"This is a fascinating, unique project!" -- The Old Schoolhouse Magazine
Talk about your hands-on history! Imagine cleaning up a funky piece of something-or-other to discover an authentic Roman coin. What a neat idea! Dirty Old Coins can provide you with such specimens, some perhaps last used over 1,500 years ago.
I turned this project over to my eleven-year old daughter (Caitlin Field) and here is what she said: "Dirty Old Coins is a good project for patient people. I'd recommend it for ages nine and up. Some tools you will need are tweezers, a magnifying glass and a toothbrush or small utensil to scrub with. In the pamphlet that comes with the coin identification database CD, you will find that it suggests soaking the coins in vegetable or olive oil. You may also use white vinegar and, of course, water. It may take months or weeks to get the coins into an identifiable state. If you patiently scrub and soak the coins until the engravings become visible, it works! I do recommend this product, even though it can be quite difficult to clean them. The results are interesting - and worthwhile."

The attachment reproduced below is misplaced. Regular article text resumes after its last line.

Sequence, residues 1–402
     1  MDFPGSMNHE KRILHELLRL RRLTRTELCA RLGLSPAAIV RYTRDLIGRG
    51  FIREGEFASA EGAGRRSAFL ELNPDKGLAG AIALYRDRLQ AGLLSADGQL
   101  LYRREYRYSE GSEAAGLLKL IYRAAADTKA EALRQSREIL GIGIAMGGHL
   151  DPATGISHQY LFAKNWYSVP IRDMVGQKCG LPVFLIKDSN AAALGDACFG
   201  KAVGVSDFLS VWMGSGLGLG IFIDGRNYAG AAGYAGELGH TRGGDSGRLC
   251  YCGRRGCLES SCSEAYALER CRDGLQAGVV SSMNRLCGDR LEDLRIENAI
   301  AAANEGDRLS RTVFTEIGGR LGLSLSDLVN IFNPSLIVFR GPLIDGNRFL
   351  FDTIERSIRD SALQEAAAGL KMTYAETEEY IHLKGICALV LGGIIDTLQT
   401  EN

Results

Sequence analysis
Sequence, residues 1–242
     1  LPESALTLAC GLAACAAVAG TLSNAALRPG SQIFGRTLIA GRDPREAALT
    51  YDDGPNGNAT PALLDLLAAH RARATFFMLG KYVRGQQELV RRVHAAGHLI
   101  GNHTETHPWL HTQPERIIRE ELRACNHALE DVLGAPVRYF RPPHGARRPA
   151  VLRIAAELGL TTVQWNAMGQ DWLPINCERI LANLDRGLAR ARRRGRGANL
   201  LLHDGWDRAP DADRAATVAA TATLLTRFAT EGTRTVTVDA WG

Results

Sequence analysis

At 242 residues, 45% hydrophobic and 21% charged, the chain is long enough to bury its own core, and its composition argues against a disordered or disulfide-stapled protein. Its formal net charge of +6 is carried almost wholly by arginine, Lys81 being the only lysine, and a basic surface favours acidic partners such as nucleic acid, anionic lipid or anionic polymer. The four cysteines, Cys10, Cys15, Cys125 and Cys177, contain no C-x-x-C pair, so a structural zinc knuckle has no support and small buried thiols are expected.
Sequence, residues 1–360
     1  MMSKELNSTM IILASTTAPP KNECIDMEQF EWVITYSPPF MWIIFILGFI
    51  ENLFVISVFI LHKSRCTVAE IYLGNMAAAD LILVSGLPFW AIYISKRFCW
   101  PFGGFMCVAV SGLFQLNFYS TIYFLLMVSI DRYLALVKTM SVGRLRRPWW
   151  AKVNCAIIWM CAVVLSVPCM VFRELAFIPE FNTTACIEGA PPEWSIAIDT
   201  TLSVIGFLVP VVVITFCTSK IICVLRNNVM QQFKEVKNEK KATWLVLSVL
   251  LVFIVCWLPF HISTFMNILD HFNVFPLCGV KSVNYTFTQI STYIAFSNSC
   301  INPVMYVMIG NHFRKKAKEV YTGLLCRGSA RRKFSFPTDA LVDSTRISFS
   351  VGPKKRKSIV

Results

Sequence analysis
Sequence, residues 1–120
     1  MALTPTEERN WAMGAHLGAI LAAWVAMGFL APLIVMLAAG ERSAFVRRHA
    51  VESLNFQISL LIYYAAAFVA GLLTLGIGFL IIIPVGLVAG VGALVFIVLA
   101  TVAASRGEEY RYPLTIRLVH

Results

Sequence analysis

Think this is interesting, but probably too expensive for your homeschool budget? Not really. At the Dirty Old Coins website, they note, "For about the price of a fast food lunch you can get a handful of coins which will likely be the oldest man-made items you have ever held in your hands."
You can get uncleaned coins from the Balkan region (Bulgaria, Yugoslavia and neighboring countries) at 10 for $17.50 or 100 for $150
The Dirty Old Coins kit combines 10 high-grade uncleaned Roman coins with the coin image database on CD. You also get cleaning instructions and historical background in a 19-page color booklet and tutorials provided on CD. The kit also includes a magnifier, stiff brush and coin flips and sells for $35.
This is a fascinating, unique project!